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Help! I can't open my jaw, what can I do?

The first thing is to realise you're not alone — pain and discomfort in the jaw is the second most common musculoskeletal condition in world, after low back pain. Second, please don't just suffer in silence, as there are treatment options available and osteopathy has proven to be an effective therapy.

What's going on?

If you're experiencing difficulty opening your jaw, you may have temporomandibular joint disorder, known as TMJ disorder for short. The temporomandibular joints connect your lower jaw to your skull.

Other possible symptoms of TMJ disorder are:

  • clenching
  • jaw pain
  • hearing loss
  • plugged ear sensation
  • jaw clicking
  • headache
  • vertigo

You may also experience alterations in bite, problems digesting poorly chewed food, and pain in the forehead, larynx, spine, shoulder girdle, low back and abdomen.

Some patients with TMJ disorder also report symptoms of mental disorders, depression, poor sleep quality, and low energy.

Collaborative diagnosis

The successful management of TMJ disorder depends on identifying and controlling the contributing factors, which requires collaboration between dentists and physical therapists.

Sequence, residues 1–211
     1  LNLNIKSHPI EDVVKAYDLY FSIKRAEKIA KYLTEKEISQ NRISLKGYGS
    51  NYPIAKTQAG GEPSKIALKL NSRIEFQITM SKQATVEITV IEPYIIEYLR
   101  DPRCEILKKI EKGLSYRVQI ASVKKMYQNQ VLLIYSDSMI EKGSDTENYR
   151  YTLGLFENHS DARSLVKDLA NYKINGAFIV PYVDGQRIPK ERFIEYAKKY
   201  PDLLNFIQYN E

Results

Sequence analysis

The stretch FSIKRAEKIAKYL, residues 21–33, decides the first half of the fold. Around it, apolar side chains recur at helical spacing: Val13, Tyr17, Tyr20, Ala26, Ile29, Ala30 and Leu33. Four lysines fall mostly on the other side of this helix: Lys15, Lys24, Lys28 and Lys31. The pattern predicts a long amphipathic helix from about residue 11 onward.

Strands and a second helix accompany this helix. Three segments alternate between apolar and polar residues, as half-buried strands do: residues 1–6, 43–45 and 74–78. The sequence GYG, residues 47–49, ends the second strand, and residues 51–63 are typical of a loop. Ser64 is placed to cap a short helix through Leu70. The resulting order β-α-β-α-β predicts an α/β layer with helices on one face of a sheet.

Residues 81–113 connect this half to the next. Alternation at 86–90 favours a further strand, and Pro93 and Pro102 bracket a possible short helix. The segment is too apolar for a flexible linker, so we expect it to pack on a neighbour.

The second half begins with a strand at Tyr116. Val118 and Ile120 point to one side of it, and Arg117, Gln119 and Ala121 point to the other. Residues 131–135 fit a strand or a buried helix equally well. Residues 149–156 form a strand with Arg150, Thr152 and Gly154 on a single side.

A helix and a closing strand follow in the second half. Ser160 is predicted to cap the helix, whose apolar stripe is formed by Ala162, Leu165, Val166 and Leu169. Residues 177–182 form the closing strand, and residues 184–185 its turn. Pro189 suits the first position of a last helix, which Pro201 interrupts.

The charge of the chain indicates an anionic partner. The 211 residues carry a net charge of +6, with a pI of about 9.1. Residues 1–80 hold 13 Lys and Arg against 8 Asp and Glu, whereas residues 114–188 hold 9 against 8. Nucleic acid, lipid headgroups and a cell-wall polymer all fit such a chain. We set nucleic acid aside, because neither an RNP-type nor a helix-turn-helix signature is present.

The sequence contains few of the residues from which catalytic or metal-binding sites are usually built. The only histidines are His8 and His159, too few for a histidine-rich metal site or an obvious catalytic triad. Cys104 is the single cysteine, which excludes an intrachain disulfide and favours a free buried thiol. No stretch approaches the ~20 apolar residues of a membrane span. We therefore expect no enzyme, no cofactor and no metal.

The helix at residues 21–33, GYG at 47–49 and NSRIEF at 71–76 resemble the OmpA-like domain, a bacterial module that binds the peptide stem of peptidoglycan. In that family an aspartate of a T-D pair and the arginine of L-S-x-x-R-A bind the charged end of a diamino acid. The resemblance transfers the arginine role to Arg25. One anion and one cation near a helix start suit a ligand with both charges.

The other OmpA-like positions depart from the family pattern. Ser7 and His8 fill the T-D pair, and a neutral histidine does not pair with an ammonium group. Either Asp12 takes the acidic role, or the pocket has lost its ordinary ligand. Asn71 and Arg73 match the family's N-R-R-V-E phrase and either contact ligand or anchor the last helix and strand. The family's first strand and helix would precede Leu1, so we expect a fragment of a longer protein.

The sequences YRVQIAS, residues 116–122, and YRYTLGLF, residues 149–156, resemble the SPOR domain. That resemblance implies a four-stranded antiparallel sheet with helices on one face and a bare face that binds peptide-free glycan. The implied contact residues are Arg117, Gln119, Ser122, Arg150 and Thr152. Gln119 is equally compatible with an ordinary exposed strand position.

Osteopaths can diagnose jaw issues through key examination findings such as identifying a muscle spasm or a dislocated disc. Dislocated discs can result in an audible click on opening and closing the jaw. An early click when opening one's jaw can indicate a more serious dislocation, while the opposite is true when closing one's jaw. X-ray and MRI may be needed in some circumstances.

Osteopathic therapy

Research shows that osteopaths can provide effective treatment and management for TMJ disorder.

Osteopathic approaches to TMJ treatment focus on both intraoral and extraoral muscles and tissues. The main muscles include the masseter muscles, pterygoid and temporal muscles. Therapy involves a combination of techniques such as targeted massage, myofascial therapy, and gentle mobilization and articulation.

Additionally, a variety of active and passive exercises are integrated into the treatment plan. These methods are designed to enhance the range of motion in the mouth and jaw, while also alleviating pain in the neck, upper, and lower back.

This holistic approach aims to address the interconnected nature of these areas, promoting overall musculoskeletal health and comfort.

The sooner you can visit an osteopath when experiencing these symptoms, the better your outlook will be in terms of resolving the condition.

Our team of Auckland osteopaths have had a lot of experience with treating TMJ with great results. You can book online with us here.

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